2. Safety With Your Truck

Truck maintenance and repairs are an important part of truck safety, and they can help keep you on track for a safety bonus. Make sure to take your truck in for regular preventative maintenance. Those little problems that can probably wait until later might eventually become big problems. Also, always perform and document pre-trip and post-trip inspections. Make sure your boss knows that you are diligent in caring for your vehicle. Keeping your tractor in good condition goes a long way toward safety on the road.

3. Safety On The Ground

As any experienced driver knows, truck safety starts before you reach your tractor. It’s important to have a plan for your next route. Find the balance between timely deliveries and cautious driving. Make sure to allow time for unexpected incidents, especially in poor weather or when you know there are construction zones on your route. If something comes up that will delay your delivery, get in touch as soon as possible.

Find the balance between timely deliveries and cautious driving.

Some companies may look at other parts of your driving record when deciding on a safety bonus, For example, drivers should not have any hours of service violations. If you find yourself in a forced dispatch situation that would violate HOS rules, refuse the load. It’s illegal to force dispatch that violates HOS rules. A safety bonus could also look at drug tests or days absent from work.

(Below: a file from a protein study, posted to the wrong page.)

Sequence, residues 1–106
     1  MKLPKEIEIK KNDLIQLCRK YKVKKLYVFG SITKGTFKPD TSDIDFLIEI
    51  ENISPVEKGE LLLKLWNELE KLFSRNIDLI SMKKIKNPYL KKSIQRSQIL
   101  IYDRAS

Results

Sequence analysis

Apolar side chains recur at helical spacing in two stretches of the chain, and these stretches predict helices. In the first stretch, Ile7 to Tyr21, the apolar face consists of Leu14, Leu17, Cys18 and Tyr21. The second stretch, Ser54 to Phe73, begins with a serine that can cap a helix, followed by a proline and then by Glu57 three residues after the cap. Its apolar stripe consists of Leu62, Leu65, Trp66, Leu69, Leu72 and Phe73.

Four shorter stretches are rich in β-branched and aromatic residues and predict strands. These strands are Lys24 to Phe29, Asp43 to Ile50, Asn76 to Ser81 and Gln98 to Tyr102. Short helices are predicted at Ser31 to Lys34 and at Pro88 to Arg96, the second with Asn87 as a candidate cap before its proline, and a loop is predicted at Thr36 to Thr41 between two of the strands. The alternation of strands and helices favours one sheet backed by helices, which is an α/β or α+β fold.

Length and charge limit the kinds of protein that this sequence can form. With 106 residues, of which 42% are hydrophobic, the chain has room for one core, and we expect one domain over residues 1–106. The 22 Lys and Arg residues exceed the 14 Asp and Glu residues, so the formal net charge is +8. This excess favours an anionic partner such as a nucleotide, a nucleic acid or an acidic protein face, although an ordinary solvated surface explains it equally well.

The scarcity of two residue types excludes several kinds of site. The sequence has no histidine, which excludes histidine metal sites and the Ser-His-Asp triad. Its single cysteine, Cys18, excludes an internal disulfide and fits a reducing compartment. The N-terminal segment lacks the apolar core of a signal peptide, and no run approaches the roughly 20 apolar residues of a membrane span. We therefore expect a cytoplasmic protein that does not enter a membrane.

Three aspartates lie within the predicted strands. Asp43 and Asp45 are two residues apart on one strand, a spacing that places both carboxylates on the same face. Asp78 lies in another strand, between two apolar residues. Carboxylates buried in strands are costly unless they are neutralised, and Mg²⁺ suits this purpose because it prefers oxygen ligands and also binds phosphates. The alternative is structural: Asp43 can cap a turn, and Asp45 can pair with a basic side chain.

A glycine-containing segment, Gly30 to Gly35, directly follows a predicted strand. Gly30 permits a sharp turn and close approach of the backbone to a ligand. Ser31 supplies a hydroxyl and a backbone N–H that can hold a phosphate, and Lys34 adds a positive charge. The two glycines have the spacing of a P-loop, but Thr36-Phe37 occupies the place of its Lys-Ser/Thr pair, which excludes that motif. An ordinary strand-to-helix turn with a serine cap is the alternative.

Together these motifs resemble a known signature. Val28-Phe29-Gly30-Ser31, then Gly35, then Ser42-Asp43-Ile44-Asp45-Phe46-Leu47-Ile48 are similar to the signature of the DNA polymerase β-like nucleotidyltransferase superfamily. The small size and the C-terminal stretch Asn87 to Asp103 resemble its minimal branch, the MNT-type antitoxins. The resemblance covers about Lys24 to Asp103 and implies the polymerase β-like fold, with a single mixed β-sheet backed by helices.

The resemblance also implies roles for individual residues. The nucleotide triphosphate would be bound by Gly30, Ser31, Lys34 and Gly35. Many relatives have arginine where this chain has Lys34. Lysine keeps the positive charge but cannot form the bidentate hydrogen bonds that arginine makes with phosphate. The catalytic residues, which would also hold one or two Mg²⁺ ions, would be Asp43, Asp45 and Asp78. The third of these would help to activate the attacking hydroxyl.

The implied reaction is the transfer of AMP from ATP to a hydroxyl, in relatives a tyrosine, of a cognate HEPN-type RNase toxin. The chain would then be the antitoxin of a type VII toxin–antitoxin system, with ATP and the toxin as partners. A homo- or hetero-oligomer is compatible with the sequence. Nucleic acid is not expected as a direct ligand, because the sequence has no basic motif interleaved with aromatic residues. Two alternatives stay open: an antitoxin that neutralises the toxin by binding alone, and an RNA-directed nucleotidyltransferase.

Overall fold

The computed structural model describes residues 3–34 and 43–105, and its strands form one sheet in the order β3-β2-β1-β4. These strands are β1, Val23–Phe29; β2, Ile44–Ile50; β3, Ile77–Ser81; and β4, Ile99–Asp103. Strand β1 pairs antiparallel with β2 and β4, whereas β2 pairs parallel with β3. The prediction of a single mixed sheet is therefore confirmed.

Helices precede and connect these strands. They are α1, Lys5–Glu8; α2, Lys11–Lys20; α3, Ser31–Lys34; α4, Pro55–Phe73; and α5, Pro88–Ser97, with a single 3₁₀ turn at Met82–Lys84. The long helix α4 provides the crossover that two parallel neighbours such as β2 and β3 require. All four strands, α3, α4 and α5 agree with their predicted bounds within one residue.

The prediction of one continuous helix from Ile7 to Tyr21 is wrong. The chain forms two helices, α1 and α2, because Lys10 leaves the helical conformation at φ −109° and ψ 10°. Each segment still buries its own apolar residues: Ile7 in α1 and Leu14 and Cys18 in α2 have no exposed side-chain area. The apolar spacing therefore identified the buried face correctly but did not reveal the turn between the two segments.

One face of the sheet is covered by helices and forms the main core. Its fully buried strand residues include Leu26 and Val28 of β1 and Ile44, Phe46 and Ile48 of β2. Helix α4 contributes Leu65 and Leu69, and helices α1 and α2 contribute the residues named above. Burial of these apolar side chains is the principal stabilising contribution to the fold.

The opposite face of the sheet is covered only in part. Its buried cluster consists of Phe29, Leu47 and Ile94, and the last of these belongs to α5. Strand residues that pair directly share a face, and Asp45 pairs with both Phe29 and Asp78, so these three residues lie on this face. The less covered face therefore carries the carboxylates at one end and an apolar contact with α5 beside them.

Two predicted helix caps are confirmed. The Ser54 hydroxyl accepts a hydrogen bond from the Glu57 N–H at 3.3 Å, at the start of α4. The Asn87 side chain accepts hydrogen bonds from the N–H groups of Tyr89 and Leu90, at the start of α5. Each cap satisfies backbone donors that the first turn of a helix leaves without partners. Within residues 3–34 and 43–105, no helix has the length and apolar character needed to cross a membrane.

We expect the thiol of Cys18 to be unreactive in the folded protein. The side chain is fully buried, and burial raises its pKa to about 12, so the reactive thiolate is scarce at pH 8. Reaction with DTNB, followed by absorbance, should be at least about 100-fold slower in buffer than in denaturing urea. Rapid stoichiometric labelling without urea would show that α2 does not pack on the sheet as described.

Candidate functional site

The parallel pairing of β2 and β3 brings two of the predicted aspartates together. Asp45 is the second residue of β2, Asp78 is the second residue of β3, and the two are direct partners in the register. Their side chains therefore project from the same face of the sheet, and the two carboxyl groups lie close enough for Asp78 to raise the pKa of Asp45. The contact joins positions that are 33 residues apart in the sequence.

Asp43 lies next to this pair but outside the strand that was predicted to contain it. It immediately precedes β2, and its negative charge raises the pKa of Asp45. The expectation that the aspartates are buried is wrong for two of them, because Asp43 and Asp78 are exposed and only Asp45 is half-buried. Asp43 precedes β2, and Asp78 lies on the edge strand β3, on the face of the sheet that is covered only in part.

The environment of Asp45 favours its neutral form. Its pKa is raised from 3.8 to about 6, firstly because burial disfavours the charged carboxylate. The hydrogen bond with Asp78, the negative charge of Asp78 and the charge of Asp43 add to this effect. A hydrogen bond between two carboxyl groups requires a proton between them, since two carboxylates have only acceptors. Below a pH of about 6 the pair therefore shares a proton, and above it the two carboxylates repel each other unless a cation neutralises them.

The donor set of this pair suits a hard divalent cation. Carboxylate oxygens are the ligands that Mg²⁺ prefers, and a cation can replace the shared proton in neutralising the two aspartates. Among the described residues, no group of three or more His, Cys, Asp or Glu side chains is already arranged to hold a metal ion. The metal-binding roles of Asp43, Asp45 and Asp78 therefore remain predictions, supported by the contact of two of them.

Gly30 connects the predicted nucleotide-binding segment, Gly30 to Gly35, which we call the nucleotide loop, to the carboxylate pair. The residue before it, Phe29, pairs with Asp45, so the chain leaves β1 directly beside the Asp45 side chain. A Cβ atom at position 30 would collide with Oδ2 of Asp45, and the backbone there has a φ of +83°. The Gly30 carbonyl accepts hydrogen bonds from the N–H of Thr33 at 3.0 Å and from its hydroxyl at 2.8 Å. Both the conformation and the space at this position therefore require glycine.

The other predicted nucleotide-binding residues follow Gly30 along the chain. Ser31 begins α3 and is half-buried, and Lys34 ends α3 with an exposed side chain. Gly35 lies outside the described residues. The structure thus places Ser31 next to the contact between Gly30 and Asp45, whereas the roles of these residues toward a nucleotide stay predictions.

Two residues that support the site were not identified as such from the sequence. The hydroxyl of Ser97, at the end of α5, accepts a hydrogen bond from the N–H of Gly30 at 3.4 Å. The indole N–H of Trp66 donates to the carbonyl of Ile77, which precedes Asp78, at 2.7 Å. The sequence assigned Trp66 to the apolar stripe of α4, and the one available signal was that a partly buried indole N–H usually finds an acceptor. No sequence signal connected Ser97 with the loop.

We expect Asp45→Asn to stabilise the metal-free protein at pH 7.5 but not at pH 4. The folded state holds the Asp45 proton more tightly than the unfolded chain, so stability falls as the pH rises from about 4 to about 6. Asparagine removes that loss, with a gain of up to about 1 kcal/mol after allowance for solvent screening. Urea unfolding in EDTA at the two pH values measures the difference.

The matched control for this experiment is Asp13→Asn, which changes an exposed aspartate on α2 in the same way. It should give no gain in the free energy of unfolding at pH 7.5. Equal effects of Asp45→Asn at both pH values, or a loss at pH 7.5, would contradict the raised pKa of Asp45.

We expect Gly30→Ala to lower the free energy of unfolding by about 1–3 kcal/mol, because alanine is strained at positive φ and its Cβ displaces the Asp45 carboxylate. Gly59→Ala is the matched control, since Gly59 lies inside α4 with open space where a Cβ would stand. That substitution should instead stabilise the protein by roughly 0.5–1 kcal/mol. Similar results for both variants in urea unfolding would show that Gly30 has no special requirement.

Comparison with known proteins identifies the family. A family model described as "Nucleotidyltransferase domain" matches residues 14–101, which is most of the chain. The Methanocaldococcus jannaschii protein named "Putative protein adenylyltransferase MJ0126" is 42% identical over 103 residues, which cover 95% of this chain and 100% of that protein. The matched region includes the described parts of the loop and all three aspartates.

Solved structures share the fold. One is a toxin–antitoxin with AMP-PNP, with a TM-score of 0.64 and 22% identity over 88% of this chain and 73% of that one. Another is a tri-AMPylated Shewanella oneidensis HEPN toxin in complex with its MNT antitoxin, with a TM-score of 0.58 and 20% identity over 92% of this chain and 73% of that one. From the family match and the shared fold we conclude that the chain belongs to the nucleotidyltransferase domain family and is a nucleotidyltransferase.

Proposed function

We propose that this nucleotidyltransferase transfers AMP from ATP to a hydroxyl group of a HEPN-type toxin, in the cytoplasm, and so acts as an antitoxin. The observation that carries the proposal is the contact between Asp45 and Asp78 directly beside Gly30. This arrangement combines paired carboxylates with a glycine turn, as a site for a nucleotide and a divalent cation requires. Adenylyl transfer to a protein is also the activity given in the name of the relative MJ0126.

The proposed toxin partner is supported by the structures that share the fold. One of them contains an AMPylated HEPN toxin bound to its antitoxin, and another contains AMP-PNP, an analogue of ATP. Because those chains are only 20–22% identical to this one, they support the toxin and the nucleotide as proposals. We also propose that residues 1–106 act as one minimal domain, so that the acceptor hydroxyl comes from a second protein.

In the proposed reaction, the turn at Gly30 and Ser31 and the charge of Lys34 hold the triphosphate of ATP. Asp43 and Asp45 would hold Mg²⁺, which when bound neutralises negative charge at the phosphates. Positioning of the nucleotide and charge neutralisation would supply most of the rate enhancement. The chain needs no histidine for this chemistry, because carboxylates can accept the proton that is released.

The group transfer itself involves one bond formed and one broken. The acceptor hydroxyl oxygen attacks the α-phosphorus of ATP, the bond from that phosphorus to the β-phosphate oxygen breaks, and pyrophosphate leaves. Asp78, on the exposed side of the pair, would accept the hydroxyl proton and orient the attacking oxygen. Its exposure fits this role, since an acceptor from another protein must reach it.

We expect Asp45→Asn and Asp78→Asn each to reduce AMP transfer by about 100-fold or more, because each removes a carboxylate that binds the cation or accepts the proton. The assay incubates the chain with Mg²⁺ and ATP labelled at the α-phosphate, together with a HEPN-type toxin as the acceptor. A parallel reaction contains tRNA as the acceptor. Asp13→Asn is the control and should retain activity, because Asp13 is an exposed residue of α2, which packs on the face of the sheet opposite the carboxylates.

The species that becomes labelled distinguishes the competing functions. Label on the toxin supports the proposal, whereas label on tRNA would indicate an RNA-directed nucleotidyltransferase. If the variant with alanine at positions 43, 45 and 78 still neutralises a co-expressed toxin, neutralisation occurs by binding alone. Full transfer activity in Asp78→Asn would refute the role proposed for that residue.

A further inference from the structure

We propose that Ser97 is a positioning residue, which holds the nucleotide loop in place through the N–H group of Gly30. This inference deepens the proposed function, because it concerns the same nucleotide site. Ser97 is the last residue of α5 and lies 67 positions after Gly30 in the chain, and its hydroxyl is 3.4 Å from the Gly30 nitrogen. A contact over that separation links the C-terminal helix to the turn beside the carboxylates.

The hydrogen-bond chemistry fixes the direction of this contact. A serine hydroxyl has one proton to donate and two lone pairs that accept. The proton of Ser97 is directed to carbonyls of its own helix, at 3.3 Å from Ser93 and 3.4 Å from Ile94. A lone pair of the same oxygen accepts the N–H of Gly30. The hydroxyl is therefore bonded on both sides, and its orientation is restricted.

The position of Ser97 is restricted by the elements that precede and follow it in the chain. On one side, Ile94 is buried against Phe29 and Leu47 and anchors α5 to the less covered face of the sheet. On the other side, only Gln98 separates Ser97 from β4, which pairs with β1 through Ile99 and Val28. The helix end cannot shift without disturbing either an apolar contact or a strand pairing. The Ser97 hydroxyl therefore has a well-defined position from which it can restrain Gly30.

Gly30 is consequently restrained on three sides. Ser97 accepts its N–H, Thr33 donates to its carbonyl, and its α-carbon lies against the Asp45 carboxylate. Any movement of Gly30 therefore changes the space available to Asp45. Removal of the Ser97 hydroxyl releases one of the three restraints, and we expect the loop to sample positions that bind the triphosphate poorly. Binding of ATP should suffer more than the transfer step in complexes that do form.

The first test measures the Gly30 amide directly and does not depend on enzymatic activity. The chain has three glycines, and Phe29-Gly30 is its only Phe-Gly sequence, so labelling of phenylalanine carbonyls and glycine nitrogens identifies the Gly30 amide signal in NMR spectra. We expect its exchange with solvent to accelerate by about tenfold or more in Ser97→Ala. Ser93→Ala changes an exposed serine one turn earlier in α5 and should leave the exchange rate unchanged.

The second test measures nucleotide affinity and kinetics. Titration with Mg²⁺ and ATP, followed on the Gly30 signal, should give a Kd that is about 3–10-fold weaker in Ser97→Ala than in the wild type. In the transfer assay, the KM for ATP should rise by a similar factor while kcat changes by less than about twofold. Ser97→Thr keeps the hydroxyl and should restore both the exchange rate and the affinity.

4. Safety On The Road

Safety on the road is all about accident prevention. All of the basics you learned early on are the same things that will help you get that safety bonus. Use turn signals. Maintain a safe following distance. Keep scanning every 8-10 seconds. Don’t get pulled over for a speeding ticket (or anything else), and make sure your record is clear from preventable accidents. All of these are fundamental safety tips that are tried and true for a reason. 

Earn a driver safety bonus